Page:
Lydia Reed-Guertin Net Worth

No doubt about it; the ladies of RHOBH know how to spend their money! From luxurious trips and lavish purchases, to extravagant tea parties and extravagant tiaras – they certainly know how best to invest their fortune.

Kenneth M Reed has executed over eight trades since 2013 according to SEC filings, and currently owns 541,275 shares of United States Antimony stock.

Early Life and Education

Lydia Reed-Guertin began piano studies at age five with her mother Irene, also an accomplished pianist and teacher. Later she studied under Minuetta Kessler from Belmont Massachusetts; as well as sister Lydia who has appeared as duo-pianists in concert series for Concord and Wolfeboro New Hampshire.

She made her film debut in a 1952 episode of NBC anthology series Hallmark Hall of Fame and went on to star in various films and television shows; best known for playing Hassie McCoy on 145 episodes of ABC situation comedy The Real McCoys.

Lydia enjoys volleyball and soccer and spends much of her free time with her sister and Stella the puppy. Lydia plans on earning her Ph.D in Psychology specializing in children and adolescents.

Professional Career

Lydia Reed began acting at an early age and by 10, had made several TV show appearances and secured a recurring role on The Donna Reed Show family sitcom.

She appeared in several films, such as Martin and Lewis’ The Caddy; Gun Fury with Rock Hudson and Three Hours to Kill with Dana Andrews. Additionally, she had an uncredited part in Fred Zinnemann’s war drama From Here to Eternity.

Lydia Reed has long been recognized for both her acting and piano talents. As well as concert stage experience and membership of New England Piano Teachers Association since 2001, she currently runs her own private studio in Lexington MA teaching both children and adults of all ages; with a passion for music she thoroughly enjoys hearing them perform!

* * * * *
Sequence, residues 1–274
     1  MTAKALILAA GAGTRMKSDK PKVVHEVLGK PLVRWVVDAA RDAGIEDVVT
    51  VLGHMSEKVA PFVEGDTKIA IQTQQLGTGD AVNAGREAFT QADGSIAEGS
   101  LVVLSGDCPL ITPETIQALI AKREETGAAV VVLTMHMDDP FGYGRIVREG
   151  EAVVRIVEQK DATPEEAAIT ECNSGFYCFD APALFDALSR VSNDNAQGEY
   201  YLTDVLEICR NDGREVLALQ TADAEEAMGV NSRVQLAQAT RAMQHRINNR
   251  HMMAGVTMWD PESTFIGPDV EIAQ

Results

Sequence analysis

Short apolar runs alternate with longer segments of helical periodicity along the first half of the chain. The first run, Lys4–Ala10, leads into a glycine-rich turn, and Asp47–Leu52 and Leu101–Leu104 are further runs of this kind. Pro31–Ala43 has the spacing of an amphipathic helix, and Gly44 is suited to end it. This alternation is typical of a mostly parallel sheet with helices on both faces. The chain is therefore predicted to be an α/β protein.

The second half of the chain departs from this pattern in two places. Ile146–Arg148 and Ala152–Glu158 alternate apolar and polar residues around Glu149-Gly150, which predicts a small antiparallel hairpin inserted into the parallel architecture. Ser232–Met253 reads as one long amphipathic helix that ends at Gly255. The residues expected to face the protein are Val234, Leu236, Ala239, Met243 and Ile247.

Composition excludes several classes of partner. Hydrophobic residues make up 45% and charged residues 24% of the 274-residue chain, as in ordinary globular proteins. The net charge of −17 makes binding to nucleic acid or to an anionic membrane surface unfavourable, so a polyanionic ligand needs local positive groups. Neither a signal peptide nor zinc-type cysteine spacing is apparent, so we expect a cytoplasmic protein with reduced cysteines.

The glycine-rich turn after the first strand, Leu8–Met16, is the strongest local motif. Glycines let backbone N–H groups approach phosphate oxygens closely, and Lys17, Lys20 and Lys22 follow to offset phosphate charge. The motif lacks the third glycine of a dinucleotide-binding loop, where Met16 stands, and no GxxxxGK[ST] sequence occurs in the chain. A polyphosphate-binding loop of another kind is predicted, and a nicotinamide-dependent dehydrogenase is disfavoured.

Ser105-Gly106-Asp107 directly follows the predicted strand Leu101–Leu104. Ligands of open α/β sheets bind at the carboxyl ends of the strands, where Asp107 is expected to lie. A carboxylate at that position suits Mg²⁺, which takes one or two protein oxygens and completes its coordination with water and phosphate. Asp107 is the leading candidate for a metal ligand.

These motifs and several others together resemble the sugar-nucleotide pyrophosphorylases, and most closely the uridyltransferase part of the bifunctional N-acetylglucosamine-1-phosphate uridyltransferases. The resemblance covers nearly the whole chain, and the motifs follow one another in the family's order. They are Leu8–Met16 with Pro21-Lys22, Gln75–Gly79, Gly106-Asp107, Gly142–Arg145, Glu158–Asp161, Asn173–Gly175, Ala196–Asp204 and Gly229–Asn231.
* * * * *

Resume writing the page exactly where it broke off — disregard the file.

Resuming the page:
Achievement and Honors

Donna Reed was best-known for her portrayal of Donna Stone in The Donna Reed Show from 1958 to 1966. She garnered much acclaim for creating a more assertive and complex character than many of the TV mothers she faced, garnering multiple Emmy Award nominations along the way.

Reed first gained recognition when she appeared as Barbara Bel Geddes’ replacement in Dallas during its 1984-1985 season, earning both a Golden Globe Award and Emmy Award nominations for her performance.

Lydia Reed from Minooka, Illinois was among nearly 1,850 students honored with Bradley University’s Dean’s List for Fall 2023. To qualify, students must achieve a grade point average of at least 3.5 during any grading period.

Personal Life

She began acting at an early age and quickly rose through the ranks before making her big screen debut in It’s a Wonderful Life by Frank Capra and Fred Zinnemann’s war drama From Here to Eternity by Fred Zinnemann respectively. She is best-known for playing Mary Hatch Bailey in both films.

She earned both a Bachelor and Master of Music degrees in Piano Performance from Boston University’s College of Fine Arts under renowned pianist-teacher Minuetta Kessler, continuing her passion for music by teaching piano at Pine Manor College in Chestnut Hill and Concord Community Music School in Concord New Hampshire; additionally she keeps up her private studio in Lexington Massachusetts with husband Harold Reed and children Randy Reed and Terri Fisher who will miss her greatly.

Net Worth

Lydia Reed has amassed a net worth estimated at approximately $195 Million. She is best known for her roles in High Society and The Real McCoys as well as her ability to use telekinesis powers on an subatomic and particle level to manipulate objects or matter.

She has appeared in over 40 films, such as playing Nanette Fabray’s love interest in Frank Capra’s fantasy holiday film It’s a Wonderful Life (1946). Additionally, she was second billed in two other comedies with Mickey Rooney; The Courtship of Andy Hardy (1942) and Gun Fury (1952).

Reed shot to stardom through her role as middle-class American housewife Donna Reed on The Donna Reed Show, an influential long-running sitcom from 1983-1990. Reed stood out among television mothers of her era due to being more assertive and complex.

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